A sport class is a category which groups athletes together for competition depending on how much their impairment impacts performance in their sport. Therefore, a sport class is not necessarily comprised of one impairment type alone, but can be comprised of athletes with different impairments. However, these different impairments affect sport performance to a similar extent. For example, you will find athletes with paraplegia and double above-knee amputation competing in the same sport class in athletics because their different impairments have a comparable effect on their 1,500m wheelchair racing performance.
In individual sports, athletes compete against athletes in their own sport class to ensure the impact of impairment is minimized. In national events and smaller international competitions athletes in different sport classes may compete together for one medal, because there are not enough athletes for each sport class to create a competitive event. In these cases, athletes in different sport classes may be given a ‘coefficient’ or correction score to account for the different levels of activity limitation.
Some Para-Sports only have only one sport class, such as power lifting. To compete in these sports, the athletes only need to meet the minimum impairment criteria.
In team sports, the players are allocated points, which indicate their activity limitation. A lower score indicates a more severe activity limitation than a higher score. A team is not allowed to have more than a certain maximum sum of points on the field of play at the same time in order to ensure equal competition with the opposing team.
A sport class is allocated through athlete evaluation by a group of classifiers. Each IF trains and certifies classifiers to conduct athlete evaluation in its sport.
Classifiers assessing athletes with an eligible physical impairment have a medical background or are technical experts in their sport.
Classifiers for athletes with a visual impairment have a background in ophthalmology or optometry. Psychologists and sport experts are responsible for the classification of athletes with an intellectual impairment.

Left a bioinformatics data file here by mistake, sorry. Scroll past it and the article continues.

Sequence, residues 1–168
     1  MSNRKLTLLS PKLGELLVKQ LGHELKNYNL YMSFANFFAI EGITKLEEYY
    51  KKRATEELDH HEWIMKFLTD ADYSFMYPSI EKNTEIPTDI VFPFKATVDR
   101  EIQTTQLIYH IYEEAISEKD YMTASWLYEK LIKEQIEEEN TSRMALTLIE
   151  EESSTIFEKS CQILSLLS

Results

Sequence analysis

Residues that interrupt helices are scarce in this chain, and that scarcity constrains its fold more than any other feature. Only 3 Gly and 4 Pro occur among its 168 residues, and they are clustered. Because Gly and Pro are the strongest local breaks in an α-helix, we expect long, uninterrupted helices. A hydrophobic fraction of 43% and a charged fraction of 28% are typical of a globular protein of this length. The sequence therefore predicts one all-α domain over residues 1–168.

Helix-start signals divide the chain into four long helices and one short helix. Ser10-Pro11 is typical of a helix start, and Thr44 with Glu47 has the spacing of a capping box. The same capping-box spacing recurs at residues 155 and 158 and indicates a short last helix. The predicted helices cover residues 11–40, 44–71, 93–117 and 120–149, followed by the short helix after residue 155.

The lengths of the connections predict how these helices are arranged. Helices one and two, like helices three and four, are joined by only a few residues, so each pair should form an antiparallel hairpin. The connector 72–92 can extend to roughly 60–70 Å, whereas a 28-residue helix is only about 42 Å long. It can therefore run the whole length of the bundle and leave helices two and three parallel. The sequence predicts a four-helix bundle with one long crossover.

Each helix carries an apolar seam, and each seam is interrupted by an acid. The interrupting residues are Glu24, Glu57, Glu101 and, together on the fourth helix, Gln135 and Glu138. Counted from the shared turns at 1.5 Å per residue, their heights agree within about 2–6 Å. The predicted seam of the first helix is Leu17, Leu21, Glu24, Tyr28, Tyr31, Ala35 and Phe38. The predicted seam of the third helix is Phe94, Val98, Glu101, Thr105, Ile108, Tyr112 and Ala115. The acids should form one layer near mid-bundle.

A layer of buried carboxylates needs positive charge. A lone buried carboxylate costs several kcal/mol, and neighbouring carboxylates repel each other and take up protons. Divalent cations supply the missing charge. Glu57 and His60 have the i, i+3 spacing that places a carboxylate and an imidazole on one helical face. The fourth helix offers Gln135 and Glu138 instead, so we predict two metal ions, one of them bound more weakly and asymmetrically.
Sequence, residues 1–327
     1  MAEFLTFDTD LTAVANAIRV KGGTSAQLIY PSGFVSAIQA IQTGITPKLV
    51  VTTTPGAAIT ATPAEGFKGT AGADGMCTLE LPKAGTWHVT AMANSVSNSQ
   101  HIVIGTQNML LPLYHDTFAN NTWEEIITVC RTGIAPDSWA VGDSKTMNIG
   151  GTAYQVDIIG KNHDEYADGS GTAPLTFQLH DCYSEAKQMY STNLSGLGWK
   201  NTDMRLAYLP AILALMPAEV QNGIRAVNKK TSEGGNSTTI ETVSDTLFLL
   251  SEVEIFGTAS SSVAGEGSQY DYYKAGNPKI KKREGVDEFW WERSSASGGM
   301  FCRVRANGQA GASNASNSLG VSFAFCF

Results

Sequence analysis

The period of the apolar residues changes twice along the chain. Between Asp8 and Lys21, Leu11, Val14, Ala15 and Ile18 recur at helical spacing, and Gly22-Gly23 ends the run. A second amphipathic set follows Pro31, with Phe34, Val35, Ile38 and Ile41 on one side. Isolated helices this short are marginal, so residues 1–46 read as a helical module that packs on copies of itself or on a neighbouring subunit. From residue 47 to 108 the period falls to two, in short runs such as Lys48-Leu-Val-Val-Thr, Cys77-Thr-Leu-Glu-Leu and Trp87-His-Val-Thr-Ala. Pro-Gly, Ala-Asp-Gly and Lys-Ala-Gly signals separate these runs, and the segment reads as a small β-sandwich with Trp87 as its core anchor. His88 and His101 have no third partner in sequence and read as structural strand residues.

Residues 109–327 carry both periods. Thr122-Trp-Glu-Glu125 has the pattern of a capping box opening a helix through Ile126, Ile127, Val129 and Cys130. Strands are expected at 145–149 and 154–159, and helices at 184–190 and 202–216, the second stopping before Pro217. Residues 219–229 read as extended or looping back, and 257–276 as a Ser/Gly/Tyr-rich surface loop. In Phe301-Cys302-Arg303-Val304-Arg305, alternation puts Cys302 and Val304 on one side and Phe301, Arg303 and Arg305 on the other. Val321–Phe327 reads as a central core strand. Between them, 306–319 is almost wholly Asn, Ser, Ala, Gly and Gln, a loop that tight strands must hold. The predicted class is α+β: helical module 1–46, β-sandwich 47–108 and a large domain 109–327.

Athlete Evaluation takes place before competitions. Therefore, athletes who need to be classified arrive at the competition a few days early.
Depending on the type and severity of the impairment an athlete might undergo athlete evaluation several times throughout his or her career. Some impairments change over time, e.g. visual acuity might decrease over time or hypertonia may increase. Also, junior athletes may not yet have reached skeletal maturity by the time of first classification (e.g. in swimming). In these cases, classifiers can decide that the athlete has to be seen again at the next competition or at set timeframes (e.g. (bi-) annual review).
Athlete evaluation at a competition may encompass the following:
- An assessment of whether or not the Athlete has an Eligible Impairment for the relevant sport;
- An assessment of whether or not an Athlete complies with Minimum Impairment Criteria for the relevant sport;
- An assessment and evaluation of the extent to which the Athlete is able to execute the specific tasks and activities fundamental to the sport;
- If required, the conduct of Observation in Competition Assessment;
- The allocation of a Sport Class and designation of a Sport Class Status.
Athletes have the right to challenge a decision taken by classification panels. The IPC Classification Code defines protest and appeal opportunities, which need to be adhered to by each sport.
For further details refer:
Paralympics New Zealand Athlete Classification Code and Standards
PNZ Athlete Classification Code and Standards V2 February 2016.docx